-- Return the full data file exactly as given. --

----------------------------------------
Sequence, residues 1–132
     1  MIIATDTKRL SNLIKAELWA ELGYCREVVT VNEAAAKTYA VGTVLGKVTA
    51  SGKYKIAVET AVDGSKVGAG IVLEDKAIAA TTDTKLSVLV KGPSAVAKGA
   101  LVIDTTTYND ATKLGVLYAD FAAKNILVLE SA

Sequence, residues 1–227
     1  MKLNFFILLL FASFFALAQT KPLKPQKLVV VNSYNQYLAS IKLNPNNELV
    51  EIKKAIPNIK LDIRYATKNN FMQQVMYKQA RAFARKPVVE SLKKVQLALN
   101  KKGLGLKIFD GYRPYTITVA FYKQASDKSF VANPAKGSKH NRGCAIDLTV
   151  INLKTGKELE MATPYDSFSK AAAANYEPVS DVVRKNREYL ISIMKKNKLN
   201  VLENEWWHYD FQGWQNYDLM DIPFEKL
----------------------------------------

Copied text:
Sequence, residues 1–132
     1  MIIATDTKRL SNLIKAELWA ELGYCREVVT VNEAAAKTYA VGTVLGKVTA
    51  SGKYKIAVET AVDGSKVGAG IVLEDKAIAA TTDTKLSVLV KGPSAVAKGA
   101  LVIDTTTYND ATKLGVLYAD FAAKNILVLE SA

Sequence, residues 1–227
     1  MKLNFFILLL FASFFALAQT KPLKPQKLVV VNSYNQYLAS IKLNPNNELV
    51  EIKKAIPNIK LDIRYATKNN FMQQVMYKQA RAFARKPVVE SLKKVQLALN
   101  KKGLGLKIFD GYRPYTITVA FYKQASDKSF VANPAKGSKH NRGCAIDLTV
   151  INLKTGKELE MATPYDSFSK AAAANYEPVS DVVRKNREYL ISIMKKNKLN
   201  VLENEWWHYD FQGWQNYDLM DIPFEKL